Phanaeus texensis Edmonds

Edmonds, W. D., 2018, The dung beetle fauna of the Big Bend region of Texas (Coleoptera: Scarabaeidae: Scarabaeinae), Insecta Mundi 642, pp. 1-30: 14

publication ID

http://doi.org/10.5281/zenodo.3708186

publication LSID

lsid:zoobank.org:pub:55CCB217-771C-499D-9110-36F143C375C5

DOI

http://doi.org/10.5281/zenodo.3717142

persistent identifier

http://treatment.plazi.org/id/03E087E4-FFFC-FF82-FF24-9F9EFD66FEE3

treatment provided by

Felipe

scientific name

Phanaeus texensis Edmonds
status

 

Phanaeus texensis Edmonds  

Fig. 70–73 View Figures 70–75

Diagnosis. Black, often with blue-violet highlights; upper surface dull. Length 12–22 mm. Male ( Fig. 70–72 View Figures 70–75 ) – Head of large individuals bearing long horn curved posteriorly over the pronotum; pronotum roughened by irregular granular sculpturing, strongly flattened, with salient, laterally curved posterior angles; in smaller males head horn shorter and triangular area of pronotum reduced in size and prominence. Female ( Fig. 73 View Figures 70–75 ) – Head with anteriorly bowed ridge between and in front of eyes; pronotum granulate, convex, with transverse, weakly bowed ridge near anterior margin. Elytral interstriae flat, densely roughened. Edmonds (1994) provides a formal description of this species (as P. triangularis texensis   ; raised to species status in Edmonds and Zidek 2012).

Big Bend collection sites (altitudinal range: 1325–1850 m).

Jeff Davis Co: [1] Davis Mountains Preserve , 31°41′40″N 104°07′30″W, 1850 m (Jul–Aug) GoogleMaps   ; [2] Davis Mountains Preserve (Madera Canyon Unit), 1845 m (Sep)   ; [3] 16 km S Fort Davis (along TX 17), 30°27′48″N 103°58′59″W, 1600 m (Aug) GoogleMaps   ; [4] 8 km 8 km SE Fort Davis (via TX 118), Chihuahuan Desert Research Institute (Quarry Unit), 30°32′06″N 103°50′37″W, 1480 m (Sep) GoogleMaps   ; [5] ~ 16 km NE Valentine, Muerto Springs Ranch (Muerto Springs), 30°40′50″N 104°20′22″W, 1555 m (Jul) GoogleMaps   .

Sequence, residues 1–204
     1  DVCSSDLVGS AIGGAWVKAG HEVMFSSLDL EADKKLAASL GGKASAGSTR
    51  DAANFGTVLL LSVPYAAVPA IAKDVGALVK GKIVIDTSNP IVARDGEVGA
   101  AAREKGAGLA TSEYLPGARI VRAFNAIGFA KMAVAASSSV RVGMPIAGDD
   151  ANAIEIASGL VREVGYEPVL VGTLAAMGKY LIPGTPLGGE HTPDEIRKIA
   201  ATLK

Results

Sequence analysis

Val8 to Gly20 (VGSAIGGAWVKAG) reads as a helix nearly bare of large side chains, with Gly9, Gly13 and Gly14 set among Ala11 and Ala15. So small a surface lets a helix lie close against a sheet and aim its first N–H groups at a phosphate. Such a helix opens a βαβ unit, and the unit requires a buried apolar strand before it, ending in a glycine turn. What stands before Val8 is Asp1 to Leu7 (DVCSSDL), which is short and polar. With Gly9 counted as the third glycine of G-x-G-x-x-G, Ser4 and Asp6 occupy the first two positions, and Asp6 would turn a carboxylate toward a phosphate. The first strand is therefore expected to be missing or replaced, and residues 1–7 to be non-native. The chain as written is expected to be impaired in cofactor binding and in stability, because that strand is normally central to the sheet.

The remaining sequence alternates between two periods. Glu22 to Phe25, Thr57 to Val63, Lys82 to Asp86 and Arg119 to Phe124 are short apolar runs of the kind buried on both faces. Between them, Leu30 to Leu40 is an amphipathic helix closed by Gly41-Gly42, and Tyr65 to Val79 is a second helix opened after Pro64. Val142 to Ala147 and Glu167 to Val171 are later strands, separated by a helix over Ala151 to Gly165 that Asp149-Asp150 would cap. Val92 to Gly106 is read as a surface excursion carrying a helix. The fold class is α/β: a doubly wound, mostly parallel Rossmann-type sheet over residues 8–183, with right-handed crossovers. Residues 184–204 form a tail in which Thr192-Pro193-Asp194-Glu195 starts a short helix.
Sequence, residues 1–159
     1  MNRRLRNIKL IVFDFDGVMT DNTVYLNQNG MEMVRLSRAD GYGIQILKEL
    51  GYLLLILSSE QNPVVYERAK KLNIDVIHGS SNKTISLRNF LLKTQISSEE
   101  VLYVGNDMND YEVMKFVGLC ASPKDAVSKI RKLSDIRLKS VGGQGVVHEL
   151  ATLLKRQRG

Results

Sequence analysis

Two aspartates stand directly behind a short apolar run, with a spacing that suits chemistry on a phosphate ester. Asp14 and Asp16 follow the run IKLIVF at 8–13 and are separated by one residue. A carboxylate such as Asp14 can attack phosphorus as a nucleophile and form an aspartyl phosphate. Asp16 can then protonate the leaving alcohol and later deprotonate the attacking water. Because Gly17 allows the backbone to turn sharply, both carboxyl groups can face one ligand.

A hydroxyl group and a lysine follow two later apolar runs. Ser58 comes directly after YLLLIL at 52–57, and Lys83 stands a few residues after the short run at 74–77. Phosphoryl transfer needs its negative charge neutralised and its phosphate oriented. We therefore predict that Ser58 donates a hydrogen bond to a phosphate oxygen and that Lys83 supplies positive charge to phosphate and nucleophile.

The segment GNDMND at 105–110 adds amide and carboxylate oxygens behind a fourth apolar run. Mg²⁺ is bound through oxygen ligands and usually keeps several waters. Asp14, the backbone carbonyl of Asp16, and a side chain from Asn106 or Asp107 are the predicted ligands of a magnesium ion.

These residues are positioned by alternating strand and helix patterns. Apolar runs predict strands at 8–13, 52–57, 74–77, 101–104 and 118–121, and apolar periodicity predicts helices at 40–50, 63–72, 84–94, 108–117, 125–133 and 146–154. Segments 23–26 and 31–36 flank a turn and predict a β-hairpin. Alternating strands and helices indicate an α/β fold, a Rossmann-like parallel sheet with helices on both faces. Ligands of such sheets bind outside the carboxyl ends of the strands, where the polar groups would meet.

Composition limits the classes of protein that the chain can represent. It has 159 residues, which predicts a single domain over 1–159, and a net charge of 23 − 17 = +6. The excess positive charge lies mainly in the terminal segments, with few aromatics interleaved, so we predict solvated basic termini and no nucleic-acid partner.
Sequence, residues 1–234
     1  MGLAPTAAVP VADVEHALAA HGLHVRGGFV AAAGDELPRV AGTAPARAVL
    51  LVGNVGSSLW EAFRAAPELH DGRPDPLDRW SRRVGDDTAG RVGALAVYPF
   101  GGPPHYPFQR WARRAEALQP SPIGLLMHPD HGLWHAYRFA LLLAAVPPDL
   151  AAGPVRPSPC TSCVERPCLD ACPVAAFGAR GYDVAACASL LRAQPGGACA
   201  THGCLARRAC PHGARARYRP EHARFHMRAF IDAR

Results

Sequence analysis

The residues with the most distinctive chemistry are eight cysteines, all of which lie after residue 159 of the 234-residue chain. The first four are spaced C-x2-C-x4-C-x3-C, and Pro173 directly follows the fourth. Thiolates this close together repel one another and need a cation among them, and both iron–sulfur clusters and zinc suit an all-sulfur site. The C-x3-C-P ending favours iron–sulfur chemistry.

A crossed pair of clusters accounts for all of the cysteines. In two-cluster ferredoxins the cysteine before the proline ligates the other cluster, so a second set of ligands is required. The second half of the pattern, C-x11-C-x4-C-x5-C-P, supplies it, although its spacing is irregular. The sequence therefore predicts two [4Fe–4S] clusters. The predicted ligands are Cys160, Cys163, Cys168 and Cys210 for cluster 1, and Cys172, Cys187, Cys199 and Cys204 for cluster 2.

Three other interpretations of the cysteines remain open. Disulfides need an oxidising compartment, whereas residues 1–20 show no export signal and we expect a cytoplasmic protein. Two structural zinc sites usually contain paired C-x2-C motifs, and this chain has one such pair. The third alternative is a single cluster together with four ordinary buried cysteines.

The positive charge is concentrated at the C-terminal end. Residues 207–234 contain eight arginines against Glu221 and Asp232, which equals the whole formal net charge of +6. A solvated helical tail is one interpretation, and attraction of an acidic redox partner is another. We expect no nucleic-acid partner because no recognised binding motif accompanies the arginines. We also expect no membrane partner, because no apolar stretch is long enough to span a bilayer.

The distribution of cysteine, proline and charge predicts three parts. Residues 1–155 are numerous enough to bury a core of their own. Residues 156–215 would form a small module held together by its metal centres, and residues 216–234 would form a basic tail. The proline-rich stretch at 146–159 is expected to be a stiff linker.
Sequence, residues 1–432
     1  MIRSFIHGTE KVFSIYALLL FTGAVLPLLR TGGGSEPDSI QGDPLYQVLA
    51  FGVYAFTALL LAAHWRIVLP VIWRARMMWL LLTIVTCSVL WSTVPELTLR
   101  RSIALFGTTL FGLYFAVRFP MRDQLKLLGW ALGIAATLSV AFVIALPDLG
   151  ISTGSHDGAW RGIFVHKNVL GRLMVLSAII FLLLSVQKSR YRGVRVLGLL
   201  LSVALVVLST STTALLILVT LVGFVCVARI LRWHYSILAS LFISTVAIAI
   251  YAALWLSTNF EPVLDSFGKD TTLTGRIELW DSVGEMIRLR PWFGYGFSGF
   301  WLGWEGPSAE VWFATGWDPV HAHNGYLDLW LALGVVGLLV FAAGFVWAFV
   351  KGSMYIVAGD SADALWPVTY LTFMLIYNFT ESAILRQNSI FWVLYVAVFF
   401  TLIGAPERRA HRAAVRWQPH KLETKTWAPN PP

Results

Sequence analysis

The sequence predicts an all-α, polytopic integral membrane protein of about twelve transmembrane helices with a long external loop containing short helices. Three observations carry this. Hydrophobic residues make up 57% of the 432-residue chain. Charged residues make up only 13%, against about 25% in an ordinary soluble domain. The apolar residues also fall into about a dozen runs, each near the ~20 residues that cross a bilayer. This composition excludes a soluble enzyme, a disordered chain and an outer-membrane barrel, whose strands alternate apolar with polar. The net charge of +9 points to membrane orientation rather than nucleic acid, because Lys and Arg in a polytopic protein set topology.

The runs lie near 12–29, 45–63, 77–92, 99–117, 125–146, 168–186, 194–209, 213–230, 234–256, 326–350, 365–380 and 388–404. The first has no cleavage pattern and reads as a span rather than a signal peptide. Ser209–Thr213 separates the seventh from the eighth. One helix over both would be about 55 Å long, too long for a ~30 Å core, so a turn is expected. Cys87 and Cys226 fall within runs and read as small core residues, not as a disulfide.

Presidio Co.: [1] 37 km SSW Marfa (along FM 2810, Petan Ranch Cherry Hills sector), 30°07′35″N 104°19′24″W, 1630 m (Jun) GoogleMaps   ; [2] 20–26 km SSE Marfa (along FM 169), 1355–1415 m (Jun)   ; [3] 27 km SSE Marfa (along FM 169), 30°08′42″N 104°02′13″W, 1325 m (Jul) GoogleMaps   ; [4] ~ 16 km W Valentine ( Miller Ranch , near headquarters), 30°33°30″N 104°38′44″W, 1350 m (Jul–Aug)   ; [5] Miller Ranch (~ 16 km W Valentine), 30°32′50″N 104°39′40″W (Camp Holland) 1410 m (Aug) GoogleMaps   ; [6] 3 km NE Marfa (along FM 1112), Marfa Golf Course, 30°19′40″N 103°59′41″W, 1470 m (Jul, Sep) GoogleMaps   .

Collection method(s). a) baited pitfall trap (human feces); b) direct capture (cowdung; pronghorn dung; horse dung; *deer carcass).

Surface activity. Diurnal.

Habitat. Montane woodlands and grasslands throughout the Big Bend area.

Comments. Phanaeus texensis   is not common in the Big Bend, but it is widespread there. It is a burrowing species that searches for food (usually dung) on the surface that, once located, is buried by bits in tunnels underneath or to the side of its find. Often the only sign that it is present is a small mound of soil pushed to the surface during excavation of the tunnel. Because it passes most of its adult life underground, this species is, in spite of its size and conspicuousness, largely unknown to ranchers, hunters and others who frequent pasturelands in the area. While it prefers montane habitats, it can be found in other grassland and scrub habitats as well, but usually above 1380 m. Big Bend specimens of this species are always darkly colored, but scarce individuals can occasionally assume metallic green/coppery coloration in eastern parts of the state. In 1994, I considered P. texensis   (as P. triangularis texensis   ) essentially absent from the Big Bend, an error corrected here. A peripheral record in Pecos Co. about 32 km northwest of Marathon on U.S. Hwy 385 (Brewster Co.), reports P. texensis   from a deer carcass.

While P. texensis   occurs throughout much of the western two-thirds of the state, including the Big Bend, another species occurs at the periphery of the Trans-Pecos and could be regarded as an incipient (or perhaps previous) member of the Big Bend fauna. This second Phanaeus   is P. difformis LeConte   ( Fig. 74–75 View Figures 70–75 ), which is broadly distributed in the south-central United States and has penetrated western areas into the northern limit of the Trans-Pecos via river drainage systems into southeastern New Mexico and eastern Colorado ( Edmonds 1994). A few isolated specimens have been collected in the Hueco Mountains east of El Paso ( Schoenly 1983) as well as in Guadalupe Mountains National Park and near Malaga, New Mexico (personal records). Another common Phanaeus   , P. vindex MacLeay   , occurs widely in the Texas plains, New Mexico and Arizona; I agree with Bill Warner (pers. comm.) that its apparent absence from the Trans-Pecos is surprising.